Sarah: Yeah, absolutely. It’s always about just making the music that comes to me. I’m not a disciplined writer, and I don’t set out to write a pop song or write a new wave song. That’s not the goal, ever. The goal is to write the song and the music is supposed to serve what’s happening with the melody and the lyrics and the chord progression. The songs have a mind of their own and I feel like it’s my job to sort of coax out the best version, whether that’s country or rock & roll — or funk. [Laughs.] Just kidding.

Mariel: Don’t joke, I love country funk. There was a good movement in the ‘70s, we gotta bring it back.

Sarah: A revival. 

Mariel: Oh, god, yeah. No, it’s just good to catch up with you. 

Sarah: I just got back from my walk, and I was thinking about the day we met — I was like, Damn, we were rascals. I mean, immediately it was just like, “Let’s have a dart and walk to the liquor store.”

Mariel: [Laughs.] It’s funny, because I didn’t think I would ever get older, but I turned 30 and now I’m like, Woah. You were already quite a bit further ahead when we met, and I guess you must have lots of young artists [that you know] — you seem to promote people in your community and pay attention to who they are, which I just so appreciate. 

Sarah: Absolutely. I didn’t really want to do this job, but I’m doing OK at it, and I feel like if you’re having success at something, it’s important to be aware of what else is going on in your area of expertise or whatnot. I don’t feel like I really have my finger on the pulse of what’s going on in the Americana world.And part of that is just the way my brain works — I listen to your albums all the time because I know I like you and I know I like your music and your songwriting, and I know that it’s a consistent result. Every time I listen to your music, it’s going to feel like home. 

And, I don’t know. I feel like Americana as a genre is just inundated with mediocrity. I have no interest in listening to 99% of these bands. They put on these clothes they think they’re supposed to wear and they write things that take no risks whatsoever. It’s just like watered down fucking swill and I hate it. I’m not interested. And so when I do find somebody in that world that that has the thing, it’s like, “Oh, yeah, I will do whatever I can to help get the word out about you.” Like Sunny War is, in my opinion, one of the best pickers and songwriters happening.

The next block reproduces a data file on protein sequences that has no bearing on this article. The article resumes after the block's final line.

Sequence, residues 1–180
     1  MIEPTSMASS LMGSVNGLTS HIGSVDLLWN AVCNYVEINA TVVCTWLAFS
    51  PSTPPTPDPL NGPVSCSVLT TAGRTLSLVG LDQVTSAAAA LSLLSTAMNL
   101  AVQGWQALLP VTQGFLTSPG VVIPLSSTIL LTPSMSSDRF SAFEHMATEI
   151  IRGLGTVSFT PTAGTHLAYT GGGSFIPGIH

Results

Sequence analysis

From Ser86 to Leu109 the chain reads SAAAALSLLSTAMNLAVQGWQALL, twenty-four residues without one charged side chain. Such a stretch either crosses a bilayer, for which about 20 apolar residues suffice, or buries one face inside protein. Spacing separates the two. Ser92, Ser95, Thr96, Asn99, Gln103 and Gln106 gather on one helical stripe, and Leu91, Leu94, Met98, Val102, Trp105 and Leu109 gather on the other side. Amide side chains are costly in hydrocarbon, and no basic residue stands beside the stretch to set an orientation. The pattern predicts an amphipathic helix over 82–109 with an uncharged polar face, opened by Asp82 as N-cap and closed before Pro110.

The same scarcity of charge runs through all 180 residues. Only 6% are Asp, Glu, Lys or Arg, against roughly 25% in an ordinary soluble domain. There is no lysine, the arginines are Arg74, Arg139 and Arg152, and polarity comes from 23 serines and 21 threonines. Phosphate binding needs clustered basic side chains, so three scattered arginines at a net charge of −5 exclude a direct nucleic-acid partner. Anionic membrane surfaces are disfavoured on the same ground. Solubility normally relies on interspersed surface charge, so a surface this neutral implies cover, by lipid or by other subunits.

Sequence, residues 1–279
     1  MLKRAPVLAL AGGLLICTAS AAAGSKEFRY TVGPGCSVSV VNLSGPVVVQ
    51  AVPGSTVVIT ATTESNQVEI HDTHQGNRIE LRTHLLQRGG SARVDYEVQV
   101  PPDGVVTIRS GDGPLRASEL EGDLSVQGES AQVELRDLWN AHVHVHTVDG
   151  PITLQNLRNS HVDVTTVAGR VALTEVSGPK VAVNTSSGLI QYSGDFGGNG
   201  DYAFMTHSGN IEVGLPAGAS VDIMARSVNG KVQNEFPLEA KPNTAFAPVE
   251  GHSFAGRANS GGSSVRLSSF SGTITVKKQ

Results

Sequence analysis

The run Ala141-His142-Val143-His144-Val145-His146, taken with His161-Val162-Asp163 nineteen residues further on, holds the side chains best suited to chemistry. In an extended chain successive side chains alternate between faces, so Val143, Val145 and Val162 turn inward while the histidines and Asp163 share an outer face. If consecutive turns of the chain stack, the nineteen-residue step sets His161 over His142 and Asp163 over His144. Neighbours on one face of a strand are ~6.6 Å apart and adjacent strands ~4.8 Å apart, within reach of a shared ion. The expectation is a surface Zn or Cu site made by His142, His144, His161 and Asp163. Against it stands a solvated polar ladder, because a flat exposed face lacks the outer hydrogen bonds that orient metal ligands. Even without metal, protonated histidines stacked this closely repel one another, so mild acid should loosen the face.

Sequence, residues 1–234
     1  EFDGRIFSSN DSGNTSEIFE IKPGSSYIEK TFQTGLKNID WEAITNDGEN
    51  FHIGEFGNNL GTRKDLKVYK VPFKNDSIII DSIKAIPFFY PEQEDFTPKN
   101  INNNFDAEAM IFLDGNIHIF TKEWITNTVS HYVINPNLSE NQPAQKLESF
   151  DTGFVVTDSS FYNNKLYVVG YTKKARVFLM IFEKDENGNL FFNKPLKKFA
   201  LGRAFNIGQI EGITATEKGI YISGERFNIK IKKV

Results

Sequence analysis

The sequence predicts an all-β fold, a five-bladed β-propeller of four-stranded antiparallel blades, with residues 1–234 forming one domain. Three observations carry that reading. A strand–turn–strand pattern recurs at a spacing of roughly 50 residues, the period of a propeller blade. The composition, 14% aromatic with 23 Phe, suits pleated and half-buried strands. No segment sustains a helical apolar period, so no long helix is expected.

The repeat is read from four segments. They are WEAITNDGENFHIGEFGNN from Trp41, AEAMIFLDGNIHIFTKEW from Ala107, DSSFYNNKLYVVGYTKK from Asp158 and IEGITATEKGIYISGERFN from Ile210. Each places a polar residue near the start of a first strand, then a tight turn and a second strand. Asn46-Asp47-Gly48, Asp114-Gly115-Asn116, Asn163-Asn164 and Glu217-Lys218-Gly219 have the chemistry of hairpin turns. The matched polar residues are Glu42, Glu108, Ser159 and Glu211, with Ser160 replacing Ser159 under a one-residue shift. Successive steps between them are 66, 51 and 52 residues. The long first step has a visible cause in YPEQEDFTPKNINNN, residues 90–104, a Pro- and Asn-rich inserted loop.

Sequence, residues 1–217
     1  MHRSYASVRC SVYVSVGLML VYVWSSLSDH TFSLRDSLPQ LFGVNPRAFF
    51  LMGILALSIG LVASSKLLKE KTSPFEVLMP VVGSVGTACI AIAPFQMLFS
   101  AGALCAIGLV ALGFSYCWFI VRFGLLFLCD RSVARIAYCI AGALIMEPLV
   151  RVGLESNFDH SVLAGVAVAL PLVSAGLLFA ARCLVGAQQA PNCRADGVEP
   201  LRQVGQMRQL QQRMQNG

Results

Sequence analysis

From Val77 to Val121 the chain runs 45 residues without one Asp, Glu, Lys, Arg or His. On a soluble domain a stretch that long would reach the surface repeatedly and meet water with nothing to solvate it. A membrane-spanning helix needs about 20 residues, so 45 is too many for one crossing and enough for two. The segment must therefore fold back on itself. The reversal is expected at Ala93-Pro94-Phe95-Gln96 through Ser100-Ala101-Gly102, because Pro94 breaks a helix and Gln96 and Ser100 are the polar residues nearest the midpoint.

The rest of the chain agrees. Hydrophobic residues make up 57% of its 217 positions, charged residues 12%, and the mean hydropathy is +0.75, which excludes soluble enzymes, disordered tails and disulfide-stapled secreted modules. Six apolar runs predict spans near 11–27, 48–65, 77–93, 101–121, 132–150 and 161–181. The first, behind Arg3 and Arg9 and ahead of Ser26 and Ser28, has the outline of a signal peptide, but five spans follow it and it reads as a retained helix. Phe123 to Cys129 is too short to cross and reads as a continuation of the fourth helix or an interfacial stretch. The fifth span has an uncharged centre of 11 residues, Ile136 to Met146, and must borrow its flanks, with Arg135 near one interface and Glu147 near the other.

Mariel: I love her. Every time I see her at festival up here, I am glued to her set.

Sarah: Yeah. So it’s like, when you find somebody who has the thing, you do what you can.

Mariel: I totally vibe with what you’re saying. Especially with the amount of middle of the road, not really pop, not really country, just kind of average, boring, straight white people Americana — it still occupies a lot of the space in the genre. And then when other people say shit that’s poignant or relevant, people are like, “Oh, my god!” It’s like, yeah, [there are a lot of] people talking about real shit. I’m getting tired of watching people appropriate an idea that isn’t really a thing — like, you can’t commodify a genuine song. You can’t put on a pair of fucking Wranglers and decide that you now have been through a lived experience in a good song. But it seems like people think it’s the easiest genre to jump into because they’re like, “Oh, I can just sing badly and wear a cowboy hat and I’ll figure it out.” It pisses me off so much, but I don’t know why.

Sarah: Because it sucks. [Laughs.] I think you’re onto something there. I actually think that the reason so many people think that you can just do that is because you can just do that. And for whatever reason — and god only knows why, because I sure don’t — the Americana world is just throwing the doors open to every Tom, Dick, and Harry that wants to be like, “Yeah, we’re Americana, buddy.”

You and I are very similar in our approach. We’re not out here trying to fit in. We’re not out here trying to make a name for ourselves. We don’t even like that aspect of what we do. We are out here to write good songs and to make good music with people that we care about and love and to make fans happy. The idea of success is different for everybody, and I feel like that’s why spending time with you is always a breath of fresh air, because our brains are headed in the same direction and coming from the same place.

Mariel: Oh, man, yeah. We are a bit of the kindred spirit vibe. And I also noticed that kind of the further along both of us get, it’s less about helping ourselves and more about, how can I help the people around me? And that is such a quality that I have always wanted to have, and to see that in you is so great, because if more people were like that, we would have a healthy and probably very thriving scene of great creators.

Sarah: Absolutely. But for now, I feel like it’s really important to recognize when those special little pockets of interaction are happening. 

(Photo Credit: left, Jillian Clark; right, Heather Saitz)

Sarah Shook is a singer-songwriter from North Carolina. Known for their work in Sarah Shook and the Disarmers, Shook now performs as Mightmare. Their solo debut, Cruel Liars, is out October 14 via Kill Rock Stars.

(Photo Credit: Jillian Clark)